OAKLAND, Calif. — Golden State Warriors interim coach Luke Walton had plenty to say after a frenetic 111-95 victory that followed Golden State’s first championship ring ceremony in four decades. His astonished uttering of, “Steph Curry is unbelievable,” might trump all that analysis, though.
In the first quarter, Stephen Curry announced the season’s arrival with a quick 24 points, skating around the New Orleans Pelicans’ defense with evil mirth. He eventually claimed 40 points and seven assists in 29 minutes of play, before burning some lackluster garbage time against the hapless Pelicans. If preseason results and Tuesday’s display are any indication, Curry looks better. But at what point does “better” count for “best”?
He’s the MVP, but not the best player. This is the widespread consensus, an article of unshakable faith. The league’s least physically imposing superstar would like to make that faith tremble, just a bit. Despite winning MVP, despite winning a championship, Curry isn’t considered in such conversations now. Even though he just won MVP, he was tied for fifth among next year’s MVP candidates in the NBA’s GM survey. In ESPN.com’s #NBArank, he graded out as the fourth-best player — behind the likes of LeBron James, Anthony Davis, and Kevin Durant.
Not bad company, to be sure, and far beyond what most analysts would have projected for his career just a couple of seasons ago. (He didn’t receive a single vote as a possible MVP candidate in the GM survey from the year before.) This isn’t to say that pundits are wrong in ranking Curry fourth; it’s more to note that few consider Curry first at the moment. As Walton asserted in the preseason, there certainly is a tier at the top of superior talents, where all options are awesome. You could make a plausible argument for top player with each of these four guys, though consensus seems to favor LeBron at No. 1.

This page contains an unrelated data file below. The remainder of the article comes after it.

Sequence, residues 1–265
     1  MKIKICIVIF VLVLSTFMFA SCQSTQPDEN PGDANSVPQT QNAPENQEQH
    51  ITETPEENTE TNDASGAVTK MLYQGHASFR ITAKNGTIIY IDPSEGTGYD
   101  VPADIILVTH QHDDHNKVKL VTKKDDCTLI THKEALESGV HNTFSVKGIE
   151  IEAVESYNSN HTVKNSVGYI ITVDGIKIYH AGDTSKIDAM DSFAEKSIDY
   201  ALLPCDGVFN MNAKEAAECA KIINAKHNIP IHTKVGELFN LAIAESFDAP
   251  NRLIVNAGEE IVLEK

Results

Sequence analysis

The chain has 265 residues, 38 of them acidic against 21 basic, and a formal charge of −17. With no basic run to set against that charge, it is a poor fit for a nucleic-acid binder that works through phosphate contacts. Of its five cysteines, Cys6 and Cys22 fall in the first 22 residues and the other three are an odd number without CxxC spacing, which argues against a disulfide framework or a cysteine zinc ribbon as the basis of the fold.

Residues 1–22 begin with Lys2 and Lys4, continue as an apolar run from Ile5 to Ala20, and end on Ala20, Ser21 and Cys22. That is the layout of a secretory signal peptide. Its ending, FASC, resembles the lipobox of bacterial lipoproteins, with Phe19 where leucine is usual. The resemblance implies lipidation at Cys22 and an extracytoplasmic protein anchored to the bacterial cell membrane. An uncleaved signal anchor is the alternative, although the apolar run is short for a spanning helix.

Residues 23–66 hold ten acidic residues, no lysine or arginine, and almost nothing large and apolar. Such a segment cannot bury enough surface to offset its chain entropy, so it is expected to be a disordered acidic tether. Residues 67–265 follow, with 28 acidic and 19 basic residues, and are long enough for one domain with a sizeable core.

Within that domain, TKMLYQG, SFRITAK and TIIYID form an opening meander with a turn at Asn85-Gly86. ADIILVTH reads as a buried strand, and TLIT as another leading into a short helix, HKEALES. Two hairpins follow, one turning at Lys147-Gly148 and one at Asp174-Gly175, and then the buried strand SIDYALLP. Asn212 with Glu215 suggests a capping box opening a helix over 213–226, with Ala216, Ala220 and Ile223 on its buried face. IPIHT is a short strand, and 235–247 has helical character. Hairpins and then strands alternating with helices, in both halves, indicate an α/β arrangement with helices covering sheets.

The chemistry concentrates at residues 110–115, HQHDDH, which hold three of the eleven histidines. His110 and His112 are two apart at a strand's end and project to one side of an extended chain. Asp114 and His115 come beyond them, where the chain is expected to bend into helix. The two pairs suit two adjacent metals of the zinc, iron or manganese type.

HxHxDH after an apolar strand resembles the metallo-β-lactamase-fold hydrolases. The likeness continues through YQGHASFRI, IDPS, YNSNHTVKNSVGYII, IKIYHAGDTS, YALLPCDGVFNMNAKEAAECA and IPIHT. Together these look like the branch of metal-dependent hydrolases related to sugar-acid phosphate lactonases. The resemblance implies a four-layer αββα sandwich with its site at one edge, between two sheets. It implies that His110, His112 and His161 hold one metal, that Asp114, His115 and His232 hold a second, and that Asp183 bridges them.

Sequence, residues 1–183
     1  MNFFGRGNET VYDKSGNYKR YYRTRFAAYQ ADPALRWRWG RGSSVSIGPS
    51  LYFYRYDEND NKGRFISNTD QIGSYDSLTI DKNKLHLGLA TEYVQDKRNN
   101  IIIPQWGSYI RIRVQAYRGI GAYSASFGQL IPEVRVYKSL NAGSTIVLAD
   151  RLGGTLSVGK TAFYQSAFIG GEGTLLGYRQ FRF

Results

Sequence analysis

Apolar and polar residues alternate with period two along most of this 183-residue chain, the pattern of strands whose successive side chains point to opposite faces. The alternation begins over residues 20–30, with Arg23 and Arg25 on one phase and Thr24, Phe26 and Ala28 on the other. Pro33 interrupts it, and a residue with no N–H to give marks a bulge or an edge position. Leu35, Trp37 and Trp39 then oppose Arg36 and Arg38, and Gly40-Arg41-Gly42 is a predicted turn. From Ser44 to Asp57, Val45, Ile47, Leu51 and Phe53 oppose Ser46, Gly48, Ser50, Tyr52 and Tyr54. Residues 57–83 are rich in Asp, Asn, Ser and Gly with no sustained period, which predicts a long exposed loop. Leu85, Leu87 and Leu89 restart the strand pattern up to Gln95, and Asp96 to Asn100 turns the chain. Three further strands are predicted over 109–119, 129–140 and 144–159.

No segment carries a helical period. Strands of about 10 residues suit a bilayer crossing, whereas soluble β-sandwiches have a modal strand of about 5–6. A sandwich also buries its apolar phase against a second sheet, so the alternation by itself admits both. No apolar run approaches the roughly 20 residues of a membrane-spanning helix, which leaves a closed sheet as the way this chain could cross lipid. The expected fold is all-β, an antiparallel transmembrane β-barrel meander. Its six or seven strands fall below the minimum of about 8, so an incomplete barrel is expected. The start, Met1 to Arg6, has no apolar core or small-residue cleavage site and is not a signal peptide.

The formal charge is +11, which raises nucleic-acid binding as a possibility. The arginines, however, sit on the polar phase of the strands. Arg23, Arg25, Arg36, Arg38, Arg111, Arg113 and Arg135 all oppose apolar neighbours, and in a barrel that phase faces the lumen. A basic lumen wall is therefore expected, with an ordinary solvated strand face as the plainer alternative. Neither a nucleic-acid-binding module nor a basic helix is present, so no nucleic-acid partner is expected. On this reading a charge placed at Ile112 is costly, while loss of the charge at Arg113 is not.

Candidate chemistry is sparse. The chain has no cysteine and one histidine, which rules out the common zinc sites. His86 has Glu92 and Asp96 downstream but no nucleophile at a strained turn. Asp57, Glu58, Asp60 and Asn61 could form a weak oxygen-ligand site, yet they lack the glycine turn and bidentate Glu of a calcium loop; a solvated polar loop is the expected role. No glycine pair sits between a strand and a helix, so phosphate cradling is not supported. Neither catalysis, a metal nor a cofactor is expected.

If LeBron is considered the current greatest, the consensus for next great player sides with Davis. Former Warriors assistant and current Pelicans coach Alvin Gentry said it succinctly: “We got the best player in the NBA, not named LeBron James.” In this season’s GM survey, Davis was selected as the second-most-likely MVP candidate behind James.
Davis may well be that, but he wasn’t on a Tuesday night in which he missed 15 of his first 16 shots. It was an off night, as even the greatest players suffer, but it was also a reminder of how much of his game is still dependent on guards. Unfortunately for Davis, New Orleans didn’t really have any on this night — no offense to Ish Smith, who scored 17 points.
So if Davis is still figuring things out, LeBron is statistically declining and Durant is coming off a tricky injury, why not Curry?
After the game, Draymond Green had an explanation for why so few believe Curry fit for the mantle of No. 1.
“You know everything is always a year or two out,” Green said. “After one year, everybody’s not just going to change and say, ‘Steph Curry’s the best player in the league.’ It’s just not how it usually goes.”
Green noted that Curry improved over the offseason, specifically in attacking the basket.
“As crazy as it sounds, his ballhandling continues to get better,” Green said. “I think all preseason and training camp he’s been doing a better job of getting to the hole.”
That was evident on Tuesday, when Curry sank 7 of 7 seven free throw attempts and scored five baskets in the paint. Curry also moved the ball when bigs switched onto him, a focus of Golden State’s offense. It’s subtle, but at age 27, Curry is still learning, still growing. If he keeps on this trajectory, his status as “best shooter” might just morph into “best player.”